In Missouri, the Office of Administration’s IT Services Division, the state’s consolidated IT organization, launched a chatbot to help handle vastly more inquiries about unemployment insurance.
At the federal level, the Centers for Medicare and Medicaid Services launched the CMS Employee Roll Call Bot that can flag when employees aren’t logging in or are having trouble accessing agency systems. It gives senior leaders a single, up-to-date visual source of information about the health of its internal IT systems, communications networks, and personnel.
Steele said the pandemic has not necessarily fast-tracked RPA projects, but it has heightened interest in the technology’s ability to solve problems quickly. That’s because bots can be created and implemented within weeks, whereas most systems take years to build, particularly when starting with a new solution.
“That is absolutely revolutionary. It doesn’t happen with any other technology,” she said.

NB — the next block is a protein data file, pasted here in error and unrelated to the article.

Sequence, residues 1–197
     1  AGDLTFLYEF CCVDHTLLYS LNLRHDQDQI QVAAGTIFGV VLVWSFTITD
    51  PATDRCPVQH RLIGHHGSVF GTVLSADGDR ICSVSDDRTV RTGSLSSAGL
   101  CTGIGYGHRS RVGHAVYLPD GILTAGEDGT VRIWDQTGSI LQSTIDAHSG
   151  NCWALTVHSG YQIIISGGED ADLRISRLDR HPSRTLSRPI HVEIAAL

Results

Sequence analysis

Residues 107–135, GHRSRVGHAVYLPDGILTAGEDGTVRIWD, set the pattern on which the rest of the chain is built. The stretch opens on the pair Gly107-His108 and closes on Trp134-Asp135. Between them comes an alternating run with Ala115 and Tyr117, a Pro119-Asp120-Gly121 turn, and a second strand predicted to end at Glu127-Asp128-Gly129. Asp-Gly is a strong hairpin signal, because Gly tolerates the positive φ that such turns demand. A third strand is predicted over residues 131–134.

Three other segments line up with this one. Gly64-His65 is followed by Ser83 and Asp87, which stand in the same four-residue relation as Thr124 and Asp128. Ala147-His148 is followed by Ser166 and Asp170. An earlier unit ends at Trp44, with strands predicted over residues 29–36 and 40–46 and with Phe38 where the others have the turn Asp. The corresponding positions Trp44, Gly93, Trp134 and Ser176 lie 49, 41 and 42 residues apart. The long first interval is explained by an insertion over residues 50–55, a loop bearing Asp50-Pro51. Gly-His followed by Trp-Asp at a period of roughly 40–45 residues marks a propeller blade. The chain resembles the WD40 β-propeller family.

“With RPA solutions, yes, they have to buy the platform that gives them the bot licenses, but the solution itself is not off the shelf,” she said. “It’s so inexpensive to develop a custom solution that it makes more sense to build than to try and buy something off the shelf that’s only going to [meet] part of their needs.”
Bots and bot components may be shared across and within agencies, typically with the help of a commercial implementation partner. The IRS, for example, is setting up an RPA library of reusable components that any developer within the agency can use, Steele said, and InterImage is helping seed that library with components for error logging or performing certain kinds of searches.
The General Services Administration has started an RPA community of practice that has 900 members across the government. Through that, there may be opportunities for sharing information and technology.
RPA has staying power, especially as workloads increase, Steele said. “Once people start working with bots,” she said, “they see that value firsthand and honestly they don’t want to go back.”